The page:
Claude Julien (BOS 11, 13), current Montreal HC
Barry Trotz (WSH 18; NYI 20); current NY Islanders HC
|1||Craig MacTavish (EDM 06), current Lausanne HC (Switzerland) HC
Bryan Murray (OTT 07), deceased
John Stevens (PHI 08), current Dallas AC
Jacques Martin (MTL 10), current NY Rangers AC
John Tortorella (NYR 12), current Columbus HC
Bruce Boudreau (ANA 15), free agent
Ken Hitchcock (STL 16), free agent
Gerard Gallant (VGK 18), free agent
Rod Brind’Amour (CAR 19), current Carolina HC
Craig Berube (STL 19); current St. Louis HC
Bruce Cassidy (BOS 19); current Boston HC
Rick Bowness (DAL 20); current Dallas interim HC
Okay, let’s review the most successful coaches and how they landed in the gigs where they had their first post-lockout success:
Betting on a veteran coach: Quenneville had 11 head coaching seasons in the NHL before he arrived in Chicago to coach an absolute murderer’s row of young and growing talent. Making the conference finals five times in 15 seasons is insane. Chicago spent on him, but they had a team that made sense to spend on (and they chose the right guy). Sutter also fits this category, as he had 12 seasons behind the bench before landing in Los Angeles. In each case, it was ownership investing when they had the core to invest in.
Second chances: DeBoer had three NHL seasons under his belt as head coach (from a fairly blah stint with Florida) before landing in New Jersey. He was still considered a prospect when he was hired, but he’s a star now. Laviolette was in a similar situation when he landed in Carolina, coming off two fairly unimpressive seasons as a head coach with the Islanders, as was Babcock in Detroit (after a short stint with Anaheim) and Vigneault in Vancouver (after a stint with Montreal). In these cases, it was betting on a guy to succeed despite his first gig not going terribly well. In the cases where it worked, it was because of learning from what didn’t work in their first stops in the NHL.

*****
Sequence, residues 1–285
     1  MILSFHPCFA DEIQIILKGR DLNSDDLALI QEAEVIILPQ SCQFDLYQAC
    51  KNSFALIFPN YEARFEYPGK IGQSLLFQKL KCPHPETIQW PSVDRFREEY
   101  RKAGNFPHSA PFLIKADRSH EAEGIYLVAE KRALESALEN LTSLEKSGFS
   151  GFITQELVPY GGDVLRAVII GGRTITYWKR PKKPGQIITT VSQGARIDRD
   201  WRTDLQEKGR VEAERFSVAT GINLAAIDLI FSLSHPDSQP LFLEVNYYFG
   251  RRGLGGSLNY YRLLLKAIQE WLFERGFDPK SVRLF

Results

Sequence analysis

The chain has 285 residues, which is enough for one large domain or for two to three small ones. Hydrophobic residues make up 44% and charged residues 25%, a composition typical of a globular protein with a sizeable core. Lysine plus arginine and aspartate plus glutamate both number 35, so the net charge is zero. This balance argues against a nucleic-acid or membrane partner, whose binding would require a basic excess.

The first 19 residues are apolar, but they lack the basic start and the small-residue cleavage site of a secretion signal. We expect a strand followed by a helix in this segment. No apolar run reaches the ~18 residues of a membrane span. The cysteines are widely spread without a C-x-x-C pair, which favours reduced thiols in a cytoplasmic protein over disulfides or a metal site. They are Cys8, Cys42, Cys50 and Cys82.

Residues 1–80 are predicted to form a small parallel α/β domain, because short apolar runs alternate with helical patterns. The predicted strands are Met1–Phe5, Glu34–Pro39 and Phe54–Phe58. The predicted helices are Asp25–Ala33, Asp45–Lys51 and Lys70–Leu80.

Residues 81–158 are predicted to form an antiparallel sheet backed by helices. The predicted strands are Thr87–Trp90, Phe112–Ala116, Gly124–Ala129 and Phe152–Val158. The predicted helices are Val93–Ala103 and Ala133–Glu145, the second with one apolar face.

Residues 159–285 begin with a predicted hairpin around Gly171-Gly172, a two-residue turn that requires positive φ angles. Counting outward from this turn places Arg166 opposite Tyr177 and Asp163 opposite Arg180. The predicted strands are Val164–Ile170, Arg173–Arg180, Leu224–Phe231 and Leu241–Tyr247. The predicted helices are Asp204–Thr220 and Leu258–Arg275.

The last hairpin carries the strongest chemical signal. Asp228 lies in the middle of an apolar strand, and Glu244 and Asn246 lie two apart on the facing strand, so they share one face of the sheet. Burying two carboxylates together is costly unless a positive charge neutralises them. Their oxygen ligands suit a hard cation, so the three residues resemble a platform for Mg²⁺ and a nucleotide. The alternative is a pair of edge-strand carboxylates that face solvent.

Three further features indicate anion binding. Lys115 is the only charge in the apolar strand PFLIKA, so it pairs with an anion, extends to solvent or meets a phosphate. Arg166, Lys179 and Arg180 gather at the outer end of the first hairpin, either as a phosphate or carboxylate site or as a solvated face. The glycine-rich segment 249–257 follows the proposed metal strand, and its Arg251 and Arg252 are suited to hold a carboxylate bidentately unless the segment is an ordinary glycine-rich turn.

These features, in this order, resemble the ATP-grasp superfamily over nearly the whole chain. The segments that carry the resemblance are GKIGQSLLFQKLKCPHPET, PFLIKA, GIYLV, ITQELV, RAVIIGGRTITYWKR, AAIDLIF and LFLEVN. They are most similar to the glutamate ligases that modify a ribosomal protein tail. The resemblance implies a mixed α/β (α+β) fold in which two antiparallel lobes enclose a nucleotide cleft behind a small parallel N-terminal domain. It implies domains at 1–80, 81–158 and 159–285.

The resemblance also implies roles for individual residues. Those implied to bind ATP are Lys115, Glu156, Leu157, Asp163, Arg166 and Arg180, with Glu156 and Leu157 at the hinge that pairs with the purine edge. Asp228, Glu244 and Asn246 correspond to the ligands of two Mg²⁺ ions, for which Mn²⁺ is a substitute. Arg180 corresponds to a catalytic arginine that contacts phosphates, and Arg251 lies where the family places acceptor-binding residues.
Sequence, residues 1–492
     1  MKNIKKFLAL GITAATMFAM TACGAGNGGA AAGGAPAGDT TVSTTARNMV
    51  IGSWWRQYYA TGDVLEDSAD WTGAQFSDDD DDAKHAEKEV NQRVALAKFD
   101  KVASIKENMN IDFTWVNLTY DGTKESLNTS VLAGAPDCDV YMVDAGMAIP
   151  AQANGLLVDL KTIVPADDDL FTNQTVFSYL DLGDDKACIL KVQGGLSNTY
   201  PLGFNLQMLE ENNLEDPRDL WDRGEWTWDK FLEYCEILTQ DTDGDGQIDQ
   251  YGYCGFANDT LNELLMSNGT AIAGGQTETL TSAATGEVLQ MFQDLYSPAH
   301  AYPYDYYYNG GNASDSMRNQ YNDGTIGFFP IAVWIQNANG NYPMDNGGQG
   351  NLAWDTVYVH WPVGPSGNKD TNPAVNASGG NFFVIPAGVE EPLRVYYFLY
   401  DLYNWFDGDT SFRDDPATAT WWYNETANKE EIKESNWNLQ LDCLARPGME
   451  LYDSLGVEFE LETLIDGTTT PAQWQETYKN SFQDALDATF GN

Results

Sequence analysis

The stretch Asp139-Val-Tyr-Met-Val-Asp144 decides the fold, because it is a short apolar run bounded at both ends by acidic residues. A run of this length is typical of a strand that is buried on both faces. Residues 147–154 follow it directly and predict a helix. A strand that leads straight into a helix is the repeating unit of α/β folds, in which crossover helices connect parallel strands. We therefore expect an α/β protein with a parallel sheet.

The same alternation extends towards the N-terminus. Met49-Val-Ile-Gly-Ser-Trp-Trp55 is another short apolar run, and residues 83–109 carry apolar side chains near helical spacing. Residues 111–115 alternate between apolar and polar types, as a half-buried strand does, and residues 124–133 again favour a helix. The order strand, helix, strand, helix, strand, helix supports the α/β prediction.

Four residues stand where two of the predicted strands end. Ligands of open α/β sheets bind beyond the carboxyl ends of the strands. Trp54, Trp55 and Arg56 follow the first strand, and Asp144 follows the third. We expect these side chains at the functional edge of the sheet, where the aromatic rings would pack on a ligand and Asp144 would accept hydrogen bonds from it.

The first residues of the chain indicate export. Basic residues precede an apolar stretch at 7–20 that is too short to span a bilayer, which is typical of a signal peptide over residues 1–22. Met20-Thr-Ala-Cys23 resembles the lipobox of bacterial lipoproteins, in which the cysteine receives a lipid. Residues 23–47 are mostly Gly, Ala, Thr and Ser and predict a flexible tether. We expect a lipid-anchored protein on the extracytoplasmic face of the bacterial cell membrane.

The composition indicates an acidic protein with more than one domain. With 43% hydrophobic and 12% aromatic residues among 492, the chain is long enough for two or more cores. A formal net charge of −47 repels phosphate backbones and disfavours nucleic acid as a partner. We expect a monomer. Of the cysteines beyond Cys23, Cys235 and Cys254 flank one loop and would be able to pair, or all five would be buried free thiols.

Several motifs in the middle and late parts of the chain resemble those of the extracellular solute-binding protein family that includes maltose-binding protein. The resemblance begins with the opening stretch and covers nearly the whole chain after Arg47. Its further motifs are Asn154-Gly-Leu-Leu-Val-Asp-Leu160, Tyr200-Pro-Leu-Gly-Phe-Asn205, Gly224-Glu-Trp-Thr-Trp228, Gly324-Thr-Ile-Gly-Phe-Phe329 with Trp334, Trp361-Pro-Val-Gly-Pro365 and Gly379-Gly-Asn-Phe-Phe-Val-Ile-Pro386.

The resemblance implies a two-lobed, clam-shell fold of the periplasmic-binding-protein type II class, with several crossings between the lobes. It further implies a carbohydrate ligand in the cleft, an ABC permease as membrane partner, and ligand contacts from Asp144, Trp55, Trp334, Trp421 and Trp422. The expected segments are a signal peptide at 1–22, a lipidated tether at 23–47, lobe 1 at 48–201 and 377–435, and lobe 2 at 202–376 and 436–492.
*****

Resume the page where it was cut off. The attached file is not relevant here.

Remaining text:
First-timers: Cooper had zero NHL head coaching experience when he was promoted from Tampa Bay’s AHL team. He was considered an excellent AHL coach, though, not unlike Travis Green was before Vancouver promoted him. (Carlyle was in this category when he landed in Anaheim the first time as well.) This is the least pricey option, but it works well when you have a core that clicks with the coach. (Cooper had coached most of Tampa’s up-and-comers in the AHL, for example.)
In short? There’s no one way that works best or always works. If nothing else, betting big on a veteran head coach when you don’t have the right group is a big gamble and can be pricey if it back-fires. Heck, the Flames spent a fair amount of money paying coaches not to coach for them since the lockout with all their coaching changes.
With how much of a crap-shoot coaching hires can be, any preference towards value shopping can be understood. That said, there’s not a ton of evidence that is what the team’s preference has been because they’ve gone for what were likely middle-of-the-road priced coaches very frequently rather than fully cheaping out and grabbing first-time coaches from the AHL, junior or college.